Petra, (right) Rayah and Michael (background), Maen Mdnant’s three children spent three productive hours in front of their father’s store collecting donations for the Community Food Bank. Rayah even made up a song she sang to each passing customer. “You can’t go into the store unless you donate to the food bank.” The verse didn’t rhyme but it sure brought smiles to the faces of Maen’s customers. At the end of their tour, Petra, Rayah and Michael collected $55.00. Now that’s something to sing about.

The Meek Shall Fix the Earth
Kristen, my next door neighbor had a few minutes to talk Sunday and eventually we got around to hungry kids here in Tucson. She works for the Tucson-Pima Public Library and part of her responsibility is the after-school reading program for children. Many of those kids, around 25 most days, stay until they close at 8 pm. I asked if she feeds them because it is way past suppertime. Kristen said no, they can’t prepare meals in the library.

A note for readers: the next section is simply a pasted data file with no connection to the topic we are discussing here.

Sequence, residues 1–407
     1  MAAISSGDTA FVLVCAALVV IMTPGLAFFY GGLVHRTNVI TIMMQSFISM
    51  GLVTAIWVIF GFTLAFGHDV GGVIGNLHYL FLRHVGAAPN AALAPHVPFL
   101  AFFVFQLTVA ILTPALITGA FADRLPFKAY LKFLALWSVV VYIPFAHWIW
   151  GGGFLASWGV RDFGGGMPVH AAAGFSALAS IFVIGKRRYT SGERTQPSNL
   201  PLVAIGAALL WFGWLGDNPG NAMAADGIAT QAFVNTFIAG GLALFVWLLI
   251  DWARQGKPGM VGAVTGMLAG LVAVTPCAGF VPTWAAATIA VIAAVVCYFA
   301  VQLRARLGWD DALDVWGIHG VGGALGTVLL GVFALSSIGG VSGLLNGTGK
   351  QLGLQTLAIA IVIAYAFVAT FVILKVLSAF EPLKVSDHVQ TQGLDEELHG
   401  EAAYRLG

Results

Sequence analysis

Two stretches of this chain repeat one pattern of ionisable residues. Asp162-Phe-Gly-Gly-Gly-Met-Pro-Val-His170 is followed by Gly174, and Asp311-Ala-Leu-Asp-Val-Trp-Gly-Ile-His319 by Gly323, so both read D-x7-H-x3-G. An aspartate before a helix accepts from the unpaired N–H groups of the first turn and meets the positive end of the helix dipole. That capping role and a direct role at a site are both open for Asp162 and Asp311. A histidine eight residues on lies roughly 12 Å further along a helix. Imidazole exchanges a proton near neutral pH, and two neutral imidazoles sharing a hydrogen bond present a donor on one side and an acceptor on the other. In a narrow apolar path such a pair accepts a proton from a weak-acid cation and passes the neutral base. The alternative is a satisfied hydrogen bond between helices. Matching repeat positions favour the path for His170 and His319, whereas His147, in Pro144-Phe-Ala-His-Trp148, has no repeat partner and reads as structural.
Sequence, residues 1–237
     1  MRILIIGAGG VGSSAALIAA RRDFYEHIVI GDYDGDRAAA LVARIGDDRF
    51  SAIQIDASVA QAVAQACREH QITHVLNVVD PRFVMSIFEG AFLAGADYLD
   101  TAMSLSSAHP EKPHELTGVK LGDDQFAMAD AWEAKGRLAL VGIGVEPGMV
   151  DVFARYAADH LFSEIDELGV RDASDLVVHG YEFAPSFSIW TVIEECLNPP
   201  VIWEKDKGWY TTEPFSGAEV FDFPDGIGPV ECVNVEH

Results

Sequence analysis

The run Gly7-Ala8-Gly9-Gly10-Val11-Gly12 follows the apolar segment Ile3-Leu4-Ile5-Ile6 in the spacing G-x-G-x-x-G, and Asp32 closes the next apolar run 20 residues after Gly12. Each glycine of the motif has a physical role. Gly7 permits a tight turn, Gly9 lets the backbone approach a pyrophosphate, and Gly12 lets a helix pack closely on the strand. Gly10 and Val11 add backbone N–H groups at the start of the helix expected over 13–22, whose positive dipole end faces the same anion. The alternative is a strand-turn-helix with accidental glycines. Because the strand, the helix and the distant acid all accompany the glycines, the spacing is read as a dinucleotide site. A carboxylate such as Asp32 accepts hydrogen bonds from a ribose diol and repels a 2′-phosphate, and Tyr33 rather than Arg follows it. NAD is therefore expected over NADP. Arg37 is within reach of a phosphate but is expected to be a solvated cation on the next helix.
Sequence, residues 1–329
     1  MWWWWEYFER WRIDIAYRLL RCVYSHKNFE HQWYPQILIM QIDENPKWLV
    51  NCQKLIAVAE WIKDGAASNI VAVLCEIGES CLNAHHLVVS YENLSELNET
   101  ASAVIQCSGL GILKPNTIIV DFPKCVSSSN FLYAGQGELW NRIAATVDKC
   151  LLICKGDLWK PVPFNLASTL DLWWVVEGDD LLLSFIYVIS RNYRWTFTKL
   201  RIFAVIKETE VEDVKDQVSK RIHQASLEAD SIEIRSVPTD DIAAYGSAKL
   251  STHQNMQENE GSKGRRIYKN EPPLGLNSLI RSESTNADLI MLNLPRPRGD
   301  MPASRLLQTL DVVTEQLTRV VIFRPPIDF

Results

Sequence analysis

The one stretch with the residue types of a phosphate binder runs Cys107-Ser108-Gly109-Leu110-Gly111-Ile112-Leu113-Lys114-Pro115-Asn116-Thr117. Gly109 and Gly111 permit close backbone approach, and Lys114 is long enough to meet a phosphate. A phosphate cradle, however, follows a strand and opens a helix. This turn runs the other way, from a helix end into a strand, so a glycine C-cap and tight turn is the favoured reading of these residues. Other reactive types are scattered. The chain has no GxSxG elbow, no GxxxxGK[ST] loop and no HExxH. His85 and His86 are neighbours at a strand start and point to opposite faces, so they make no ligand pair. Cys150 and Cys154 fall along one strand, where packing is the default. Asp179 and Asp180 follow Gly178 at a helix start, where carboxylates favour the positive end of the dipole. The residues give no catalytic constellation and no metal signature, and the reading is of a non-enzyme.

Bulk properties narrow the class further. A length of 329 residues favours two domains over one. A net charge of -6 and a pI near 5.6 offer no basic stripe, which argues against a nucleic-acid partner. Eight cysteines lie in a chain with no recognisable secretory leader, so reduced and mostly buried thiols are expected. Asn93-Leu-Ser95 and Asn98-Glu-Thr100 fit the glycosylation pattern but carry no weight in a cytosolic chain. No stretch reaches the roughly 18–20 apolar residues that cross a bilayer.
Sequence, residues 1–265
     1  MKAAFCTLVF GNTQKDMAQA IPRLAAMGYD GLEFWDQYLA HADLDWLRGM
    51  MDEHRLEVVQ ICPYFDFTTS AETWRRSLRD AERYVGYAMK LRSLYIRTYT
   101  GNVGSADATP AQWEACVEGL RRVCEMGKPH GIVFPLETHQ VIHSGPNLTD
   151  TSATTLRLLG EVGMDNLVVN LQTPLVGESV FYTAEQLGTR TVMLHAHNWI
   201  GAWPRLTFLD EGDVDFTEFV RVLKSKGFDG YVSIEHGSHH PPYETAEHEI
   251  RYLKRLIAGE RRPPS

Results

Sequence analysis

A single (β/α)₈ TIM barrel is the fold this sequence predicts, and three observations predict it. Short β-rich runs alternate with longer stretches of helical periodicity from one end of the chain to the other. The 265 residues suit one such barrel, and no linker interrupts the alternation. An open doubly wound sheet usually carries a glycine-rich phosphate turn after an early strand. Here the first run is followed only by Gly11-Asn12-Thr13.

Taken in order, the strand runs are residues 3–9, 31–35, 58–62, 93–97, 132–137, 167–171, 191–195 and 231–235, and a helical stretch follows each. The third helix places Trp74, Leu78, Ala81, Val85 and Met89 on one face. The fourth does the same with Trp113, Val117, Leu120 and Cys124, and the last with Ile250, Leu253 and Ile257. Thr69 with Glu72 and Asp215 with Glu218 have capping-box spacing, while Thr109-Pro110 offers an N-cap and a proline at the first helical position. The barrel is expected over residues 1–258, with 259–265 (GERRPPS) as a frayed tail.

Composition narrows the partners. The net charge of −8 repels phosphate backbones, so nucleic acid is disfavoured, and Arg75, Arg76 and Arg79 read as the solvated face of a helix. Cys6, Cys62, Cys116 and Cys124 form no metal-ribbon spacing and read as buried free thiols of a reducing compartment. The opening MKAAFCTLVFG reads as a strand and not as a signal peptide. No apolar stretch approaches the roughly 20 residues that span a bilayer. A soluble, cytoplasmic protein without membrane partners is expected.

Good heavens, they have lunch at school and then nothing until 8 pm and … maybe not even then? I then thought of my friend Maen Mdnant and men and women like him who are generous, community minded and own stores in the neighborhood. “Why not ask them for help,” I said. “A peanut butter and jelly sandwich and a pint of milk is not much of an expense … even five days a week”

I asked Kristen to put together a fact sheet on the situation at the library and I will help her go to the local business community and get some help to feed those 25 hungry kids.

We all see things and know the situation is wrong but have no idea how to implement a solution. That’s where I can help. Just tell me what you see that needs fixing and I’ll try to come up with an answer. If we all stand up and do something, this world will be worth our kids inheriting.

Rodney Was Right
In our first meeting Rodney Glassman kept on pushing the schools saying that was the way to go for One Can A Week. I wasn’t completely sold until I got the emails regarding the Vail School System and now this one from Sarah in Atlanta, GA.

“Hi Peter-

“I've attached a photo of my One Can a Week crew. Kind of a funny one, but the best we can seem to come up with!